In People v. Zappulla, 282 A.D.2d 696, 698 (2d Dept. 2001), the Second Department found a period of twenty-four hours between a defendant's two statements to be unreasonable, but there the court held that "under the circumstances of this case, " that gap was unreasonable because the "defendant spent much of March 17, 1998, at the hospital being treated for injuries sustained in a car accident on the way to central booking and therefore, was not in a continuous custodial environment. Moreover, the second interrogation concerned a crime unrelated to that for which he was initially arrested." In this case, unlike in Zappulla, there was no break in custody, the interrogation concerned the same crime about which he had been previously questioned, and Miranda warnings were previously administered not once or twice, but three times.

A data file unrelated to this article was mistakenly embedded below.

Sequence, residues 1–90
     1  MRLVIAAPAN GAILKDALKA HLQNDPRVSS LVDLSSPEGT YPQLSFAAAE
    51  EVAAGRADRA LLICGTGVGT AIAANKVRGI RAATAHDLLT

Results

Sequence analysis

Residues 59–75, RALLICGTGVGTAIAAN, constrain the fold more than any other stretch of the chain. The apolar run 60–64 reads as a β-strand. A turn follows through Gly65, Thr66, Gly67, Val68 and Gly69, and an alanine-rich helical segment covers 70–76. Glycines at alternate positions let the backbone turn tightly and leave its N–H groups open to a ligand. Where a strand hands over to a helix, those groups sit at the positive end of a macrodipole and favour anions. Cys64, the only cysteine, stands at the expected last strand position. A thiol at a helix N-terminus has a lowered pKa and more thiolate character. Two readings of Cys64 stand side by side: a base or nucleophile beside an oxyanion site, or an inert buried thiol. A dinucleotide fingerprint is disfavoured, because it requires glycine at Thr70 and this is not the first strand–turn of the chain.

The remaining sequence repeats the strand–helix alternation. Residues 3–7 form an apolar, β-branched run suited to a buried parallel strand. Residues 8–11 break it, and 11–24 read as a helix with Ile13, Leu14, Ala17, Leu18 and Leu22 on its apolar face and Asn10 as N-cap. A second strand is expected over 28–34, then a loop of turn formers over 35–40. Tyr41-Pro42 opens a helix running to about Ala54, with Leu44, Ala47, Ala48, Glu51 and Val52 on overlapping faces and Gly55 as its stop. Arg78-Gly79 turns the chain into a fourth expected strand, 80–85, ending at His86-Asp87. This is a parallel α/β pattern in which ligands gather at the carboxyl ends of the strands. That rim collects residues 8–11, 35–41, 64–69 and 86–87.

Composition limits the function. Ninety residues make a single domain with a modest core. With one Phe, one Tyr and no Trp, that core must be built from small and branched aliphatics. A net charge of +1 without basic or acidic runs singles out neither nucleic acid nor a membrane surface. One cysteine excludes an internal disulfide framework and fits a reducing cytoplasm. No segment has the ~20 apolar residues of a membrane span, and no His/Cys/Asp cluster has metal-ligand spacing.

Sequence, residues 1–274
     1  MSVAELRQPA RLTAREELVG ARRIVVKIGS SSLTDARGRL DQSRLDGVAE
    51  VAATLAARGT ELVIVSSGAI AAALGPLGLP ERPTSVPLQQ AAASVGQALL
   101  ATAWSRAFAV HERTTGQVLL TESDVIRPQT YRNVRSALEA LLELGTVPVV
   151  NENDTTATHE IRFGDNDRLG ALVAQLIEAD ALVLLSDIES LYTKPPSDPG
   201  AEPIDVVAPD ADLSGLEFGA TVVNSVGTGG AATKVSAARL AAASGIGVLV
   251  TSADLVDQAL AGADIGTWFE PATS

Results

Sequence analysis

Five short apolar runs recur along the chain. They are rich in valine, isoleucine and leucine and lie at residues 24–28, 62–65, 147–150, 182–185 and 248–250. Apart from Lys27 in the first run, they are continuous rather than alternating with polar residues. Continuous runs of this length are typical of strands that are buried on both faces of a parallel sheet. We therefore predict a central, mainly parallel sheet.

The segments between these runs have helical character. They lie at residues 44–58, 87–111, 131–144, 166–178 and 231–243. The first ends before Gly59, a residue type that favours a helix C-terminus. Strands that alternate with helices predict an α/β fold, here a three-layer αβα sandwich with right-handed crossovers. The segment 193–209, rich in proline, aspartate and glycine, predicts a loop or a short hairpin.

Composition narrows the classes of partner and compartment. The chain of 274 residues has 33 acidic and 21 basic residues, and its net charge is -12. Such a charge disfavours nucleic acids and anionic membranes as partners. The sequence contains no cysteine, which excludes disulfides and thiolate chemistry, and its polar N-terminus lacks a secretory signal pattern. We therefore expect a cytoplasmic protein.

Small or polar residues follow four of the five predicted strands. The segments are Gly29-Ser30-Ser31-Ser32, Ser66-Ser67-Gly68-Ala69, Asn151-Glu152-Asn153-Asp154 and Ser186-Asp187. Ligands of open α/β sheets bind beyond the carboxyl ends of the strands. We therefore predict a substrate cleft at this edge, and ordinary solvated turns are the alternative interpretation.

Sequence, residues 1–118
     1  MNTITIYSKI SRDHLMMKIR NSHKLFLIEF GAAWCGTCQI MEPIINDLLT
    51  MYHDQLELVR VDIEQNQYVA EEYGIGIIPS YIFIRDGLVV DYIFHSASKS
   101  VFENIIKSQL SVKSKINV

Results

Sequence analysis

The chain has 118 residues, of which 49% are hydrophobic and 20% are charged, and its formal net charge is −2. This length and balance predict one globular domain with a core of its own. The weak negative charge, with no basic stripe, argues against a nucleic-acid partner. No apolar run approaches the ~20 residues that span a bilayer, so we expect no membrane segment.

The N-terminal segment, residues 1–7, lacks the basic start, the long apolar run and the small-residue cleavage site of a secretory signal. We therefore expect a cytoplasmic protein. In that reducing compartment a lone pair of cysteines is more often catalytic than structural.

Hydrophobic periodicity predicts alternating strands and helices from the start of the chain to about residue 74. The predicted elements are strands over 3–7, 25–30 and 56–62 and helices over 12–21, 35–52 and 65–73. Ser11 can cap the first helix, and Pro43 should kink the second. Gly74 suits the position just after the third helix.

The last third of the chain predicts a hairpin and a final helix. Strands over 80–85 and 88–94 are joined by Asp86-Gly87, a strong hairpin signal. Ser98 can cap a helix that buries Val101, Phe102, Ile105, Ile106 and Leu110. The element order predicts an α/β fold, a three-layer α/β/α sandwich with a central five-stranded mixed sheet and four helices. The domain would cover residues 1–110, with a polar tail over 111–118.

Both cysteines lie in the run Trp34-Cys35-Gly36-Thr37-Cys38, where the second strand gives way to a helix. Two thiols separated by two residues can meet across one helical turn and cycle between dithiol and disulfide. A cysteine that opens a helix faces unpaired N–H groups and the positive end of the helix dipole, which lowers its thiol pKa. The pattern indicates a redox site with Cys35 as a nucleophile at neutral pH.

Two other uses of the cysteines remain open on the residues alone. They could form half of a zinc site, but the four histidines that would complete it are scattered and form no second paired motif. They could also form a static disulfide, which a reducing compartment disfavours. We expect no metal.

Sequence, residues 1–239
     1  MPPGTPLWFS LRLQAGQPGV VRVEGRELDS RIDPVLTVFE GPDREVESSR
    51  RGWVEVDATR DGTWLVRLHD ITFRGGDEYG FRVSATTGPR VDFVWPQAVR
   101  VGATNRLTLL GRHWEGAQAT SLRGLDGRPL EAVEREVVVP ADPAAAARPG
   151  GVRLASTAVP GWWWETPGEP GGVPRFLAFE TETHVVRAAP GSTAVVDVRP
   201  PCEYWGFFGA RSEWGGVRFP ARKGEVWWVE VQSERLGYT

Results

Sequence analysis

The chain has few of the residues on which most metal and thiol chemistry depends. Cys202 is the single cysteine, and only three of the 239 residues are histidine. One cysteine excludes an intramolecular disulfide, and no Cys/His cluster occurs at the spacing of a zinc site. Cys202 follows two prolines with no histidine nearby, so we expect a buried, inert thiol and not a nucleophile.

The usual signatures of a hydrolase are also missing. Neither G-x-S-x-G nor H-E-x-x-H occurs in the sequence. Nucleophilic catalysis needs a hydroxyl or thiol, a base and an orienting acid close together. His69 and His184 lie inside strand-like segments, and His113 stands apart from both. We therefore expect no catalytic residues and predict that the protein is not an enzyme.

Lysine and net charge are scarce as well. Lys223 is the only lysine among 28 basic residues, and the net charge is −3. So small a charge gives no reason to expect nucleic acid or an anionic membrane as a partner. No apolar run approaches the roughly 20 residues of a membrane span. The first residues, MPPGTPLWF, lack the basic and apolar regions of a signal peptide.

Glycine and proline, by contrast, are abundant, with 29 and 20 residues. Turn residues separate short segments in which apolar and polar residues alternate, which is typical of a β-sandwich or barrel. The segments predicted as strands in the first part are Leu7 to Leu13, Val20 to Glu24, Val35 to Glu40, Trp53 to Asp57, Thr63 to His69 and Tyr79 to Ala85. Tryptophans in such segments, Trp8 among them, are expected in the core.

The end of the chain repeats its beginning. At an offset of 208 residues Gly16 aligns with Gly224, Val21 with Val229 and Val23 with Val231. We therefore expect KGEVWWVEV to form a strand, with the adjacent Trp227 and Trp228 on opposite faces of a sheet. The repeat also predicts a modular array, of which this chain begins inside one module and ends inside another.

While there appear to be no cases on point in the First Department, the Second Department has twice found a delay of twenty-five hours to be reasonable. In People v. Petronio, 34 A.D.3d 602, 604 (2d Dept. 2006), "during his continuous and uninterrupted detention, the defendant waived his Miranda rights and confessed to killing the victim. The defendant then proceeded over the ensuing hours to spin a series of differing tales describing the manner of the killing and disposal of the body." Noting that, "[d]uring that time, the police obtained a search warrant to search the defendant's home and investigated the defendant's varied assertions, " and that "[t]he defendant was provided with food and the opportunity to use toilet facilities, as well as opportunities to rest in solitude, " the court held that "the passage of a total of 25 hours from the time the police administered Miranda warnings to the time of the defendant's final statement was not unreasonable." Id. Similarly, in People v. Gega, 74 A.D.3d 1229, 1231 (2d Dept. 2010), the court found, without describing the testimony ...